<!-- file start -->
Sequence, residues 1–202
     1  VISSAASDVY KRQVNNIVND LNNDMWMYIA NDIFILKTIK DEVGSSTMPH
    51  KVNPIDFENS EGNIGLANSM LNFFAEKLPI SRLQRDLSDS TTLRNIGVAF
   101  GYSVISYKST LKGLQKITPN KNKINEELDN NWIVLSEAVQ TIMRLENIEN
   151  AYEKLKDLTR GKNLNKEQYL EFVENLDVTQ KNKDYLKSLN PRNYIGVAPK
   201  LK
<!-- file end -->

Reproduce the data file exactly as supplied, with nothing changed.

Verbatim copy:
Sequence, residues 1–202
     1  VISSAASDVY KRQVNNIVND LNNDMWMYIA NDIFILKTIK DEVGSSTMPH
    51  KVNPIDFENS EGNIGLANSM LNFFAEKLPI SRLQRDLSDS TTLRNIGVAF
   101  GYSVISYKST LKGLQKITPN KNKINEELDN NWIVLSEAVQ TIMRLENIEN
   151  AYEKLKDLTR GKNLNKEQYL EFVENLDVTQ KNKDYLKSLN PRNYIGVAPK
   201  LK